However no matter how I explain it, I tie myself in knots over this aspect of the role. No one teaches you how to do it. It’s not like you can take a course in “’how to mark a paper”. There’s no training. If you are lucky (as I have been) sympathetic peers may mentor you for a while. And if you are resourceful you can employ the assistance of institutional experts, like TEDI at UQ, to help build stronger courses and ensure highly relevant marking criteria. But there comes a point where you have to sit down in front of 3500 words and decide if this warrants a 7 or an 8 out of 10. Was this a strong and persuasive argument with the need for additional theory to help provide rigour, or merely a good start with sound arguments but much room for further improvement?  You’d think it would get easier over time. But this is my sixth year teaching at university and I’m still struggling.

In the 1984 text, Strangers in Paradise: Academics from the Working Class, Jake Ryan and Charles Sackey wrote of the experience of working class people studying in US colleges. What they observed was a lack of confidence for lower class students, based on real or perceived weaknesses in preparation. Although motivated to do well and extremely aware of the value of education, they lived in silent fear, wondering, “When will they find out that I am a fraud?” Apparently this is vastly different for students from upper class backgrounds, who tend to  have a greater sense of belonging or entitlement in the university system.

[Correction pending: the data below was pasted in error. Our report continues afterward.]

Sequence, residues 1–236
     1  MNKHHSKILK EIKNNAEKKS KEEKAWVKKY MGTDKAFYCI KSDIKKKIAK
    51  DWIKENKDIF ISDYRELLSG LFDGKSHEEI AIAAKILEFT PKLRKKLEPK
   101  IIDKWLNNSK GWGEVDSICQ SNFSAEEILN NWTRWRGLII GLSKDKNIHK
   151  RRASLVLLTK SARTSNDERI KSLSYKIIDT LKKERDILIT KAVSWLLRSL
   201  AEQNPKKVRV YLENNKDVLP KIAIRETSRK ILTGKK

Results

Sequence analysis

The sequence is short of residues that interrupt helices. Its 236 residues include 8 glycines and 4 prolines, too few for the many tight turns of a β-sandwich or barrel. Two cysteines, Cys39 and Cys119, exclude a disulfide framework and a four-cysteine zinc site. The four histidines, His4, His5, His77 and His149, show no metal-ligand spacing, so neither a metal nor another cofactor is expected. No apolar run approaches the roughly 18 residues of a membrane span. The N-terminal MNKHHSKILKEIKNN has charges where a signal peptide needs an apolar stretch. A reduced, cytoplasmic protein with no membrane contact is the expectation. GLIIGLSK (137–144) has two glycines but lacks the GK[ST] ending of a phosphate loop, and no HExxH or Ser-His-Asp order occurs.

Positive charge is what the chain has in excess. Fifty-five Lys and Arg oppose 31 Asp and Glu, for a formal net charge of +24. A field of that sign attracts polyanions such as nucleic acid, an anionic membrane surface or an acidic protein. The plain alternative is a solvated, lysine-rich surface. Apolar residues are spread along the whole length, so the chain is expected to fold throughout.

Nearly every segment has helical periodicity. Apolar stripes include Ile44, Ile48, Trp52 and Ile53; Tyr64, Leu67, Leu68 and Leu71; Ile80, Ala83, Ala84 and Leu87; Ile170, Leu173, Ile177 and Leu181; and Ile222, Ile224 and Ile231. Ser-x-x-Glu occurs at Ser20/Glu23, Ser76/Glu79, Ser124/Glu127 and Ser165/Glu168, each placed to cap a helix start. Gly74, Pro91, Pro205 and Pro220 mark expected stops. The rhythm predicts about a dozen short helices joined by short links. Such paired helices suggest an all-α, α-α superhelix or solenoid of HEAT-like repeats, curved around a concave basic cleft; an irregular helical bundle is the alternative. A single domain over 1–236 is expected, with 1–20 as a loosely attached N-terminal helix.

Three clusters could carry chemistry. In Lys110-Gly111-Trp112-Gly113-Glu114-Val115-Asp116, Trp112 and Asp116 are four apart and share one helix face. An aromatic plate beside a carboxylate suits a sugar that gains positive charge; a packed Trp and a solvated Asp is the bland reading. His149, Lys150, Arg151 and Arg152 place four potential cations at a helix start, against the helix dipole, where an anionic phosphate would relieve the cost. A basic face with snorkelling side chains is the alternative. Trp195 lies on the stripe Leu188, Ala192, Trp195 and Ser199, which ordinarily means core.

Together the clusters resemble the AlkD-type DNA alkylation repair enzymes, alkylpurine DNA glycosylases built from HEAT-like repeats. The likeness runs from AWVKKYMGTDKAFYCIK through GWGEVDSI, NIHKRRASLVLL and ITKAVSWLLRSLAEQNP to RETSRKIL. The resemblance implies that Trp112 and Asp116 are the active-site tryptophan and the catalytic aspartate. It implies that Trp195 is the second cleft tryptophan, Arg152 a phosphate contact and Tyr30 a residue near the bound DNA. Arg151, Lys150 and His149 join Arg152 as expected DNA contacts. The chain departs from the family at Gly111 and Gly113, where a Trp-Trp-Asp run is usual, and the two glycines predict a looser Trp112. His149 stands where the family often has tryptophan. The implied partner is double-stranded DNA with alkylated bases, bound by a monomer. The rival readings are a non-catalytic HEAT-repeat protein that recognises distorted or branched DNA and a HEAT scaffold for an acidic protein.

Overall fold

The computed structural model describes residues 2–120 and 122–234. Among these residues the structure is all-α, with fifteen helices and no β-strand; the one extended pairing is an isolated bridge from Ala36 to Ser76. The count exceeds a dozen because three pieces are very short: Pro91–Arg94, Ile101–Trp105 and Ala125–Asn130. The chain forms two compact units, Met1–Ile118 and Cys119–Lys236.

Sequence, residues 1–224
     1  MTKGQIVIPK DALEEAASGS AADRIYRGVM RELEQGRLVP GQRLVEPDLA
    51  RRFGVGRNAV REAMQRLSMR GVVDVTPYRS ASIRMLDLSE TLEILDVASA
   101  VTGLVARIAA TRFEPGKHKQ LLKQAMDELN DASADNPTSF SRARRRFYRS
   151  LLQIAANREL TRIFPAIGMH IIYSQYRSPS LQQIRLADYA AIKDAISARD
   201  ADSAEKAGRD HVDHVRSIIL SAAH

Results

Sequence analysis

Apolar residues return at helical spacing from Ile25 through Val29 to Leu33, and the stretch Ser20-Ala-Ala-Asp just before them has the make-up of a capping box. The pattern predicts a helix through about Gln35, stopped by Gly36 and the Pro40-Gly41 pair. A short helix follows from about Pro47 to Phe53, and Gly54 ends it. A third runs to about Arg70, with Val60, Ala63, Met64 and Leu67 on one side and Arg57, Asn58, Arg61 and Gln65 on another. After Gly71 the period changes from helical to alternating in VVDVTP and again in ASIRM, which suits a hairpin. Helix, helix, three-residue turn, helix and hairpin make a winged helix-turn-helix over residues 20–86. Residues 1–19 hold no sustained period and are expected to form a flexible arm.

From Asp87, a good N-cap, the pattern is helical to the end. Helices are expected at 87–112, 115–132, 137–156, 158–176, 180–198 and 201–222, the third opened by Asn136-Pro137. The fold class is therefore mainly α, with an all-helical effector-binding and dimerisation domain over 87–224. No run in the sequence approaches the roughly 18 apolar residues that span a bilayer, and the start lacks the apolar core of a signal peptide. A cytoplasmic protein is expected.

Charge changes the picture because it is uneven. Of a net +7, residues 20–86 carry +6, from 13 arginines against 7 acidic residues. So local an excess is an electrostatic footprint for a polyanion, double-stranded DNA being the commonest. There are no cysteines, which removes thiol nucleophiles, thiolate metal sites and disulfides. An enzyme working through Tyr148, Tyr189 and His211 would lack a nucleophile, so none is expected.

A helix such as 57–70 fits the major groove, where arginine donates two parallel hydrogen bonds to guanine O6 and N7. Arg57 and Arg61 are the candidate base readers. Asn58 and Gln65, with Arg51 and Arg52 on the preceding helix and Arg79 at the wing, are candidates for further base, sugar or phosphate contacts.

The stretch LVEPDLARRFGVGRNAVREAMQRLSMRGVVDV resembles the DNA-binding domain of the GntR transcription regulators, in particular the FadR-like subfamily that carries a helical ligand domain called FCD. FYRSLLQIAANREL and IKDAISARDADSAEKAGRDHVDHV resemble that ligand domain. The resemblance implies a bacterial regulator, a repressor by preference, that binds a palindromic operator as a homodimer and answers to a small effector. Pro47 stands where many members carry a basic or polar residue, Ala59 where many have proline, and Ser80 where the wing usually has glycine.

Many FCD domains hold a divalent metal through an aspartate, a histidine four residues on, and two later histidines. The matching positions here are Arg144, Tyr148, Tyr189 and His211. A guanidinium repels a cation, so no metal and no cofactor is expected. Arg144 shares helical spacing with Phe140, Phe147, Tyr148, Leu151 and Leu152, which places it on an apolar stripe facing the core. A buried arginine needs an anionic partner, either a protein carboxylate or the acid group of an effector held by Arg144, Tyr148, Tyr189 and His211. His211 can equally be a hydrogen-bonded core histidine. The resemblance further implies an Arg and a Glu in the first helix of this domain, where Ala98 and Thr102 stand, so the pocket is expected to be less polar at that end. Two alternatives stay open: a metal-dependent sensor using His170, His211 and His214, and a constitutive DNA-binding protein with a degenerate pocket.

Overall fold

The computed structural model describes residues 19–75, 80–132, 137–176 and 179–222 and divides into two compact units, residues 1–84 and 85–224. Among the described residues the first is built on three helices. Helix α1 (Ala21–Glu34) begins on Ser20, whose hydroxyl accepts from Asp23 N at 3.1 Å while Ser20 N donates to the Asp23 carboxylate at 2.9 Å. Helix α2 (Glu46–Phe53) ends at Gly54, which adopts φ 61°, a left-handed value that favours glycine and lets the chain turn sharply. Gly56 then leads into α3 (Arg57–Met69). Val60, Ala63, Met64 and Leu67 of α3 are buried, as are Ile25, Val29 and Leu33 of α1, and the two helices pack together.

I always thought when I  finished my PhD I’d finally have a sense of mastery: a field or endeavour to call my own. Once I was a “Dr” then I could finally relax and stop worrying about being “found out”. But all it did was deepen my paranoia making me so aware of all that I haven’t yet read, all that I still don’t know. So go on, ask me a question: I can almost guarantee you I won’t know the answer!

(on the other hand I probably have a great little process..)


Ryan, Jake and Charles Sackrey, Strangers in Paradise: Academics from the Working Class (Boston: South End Press), 1984.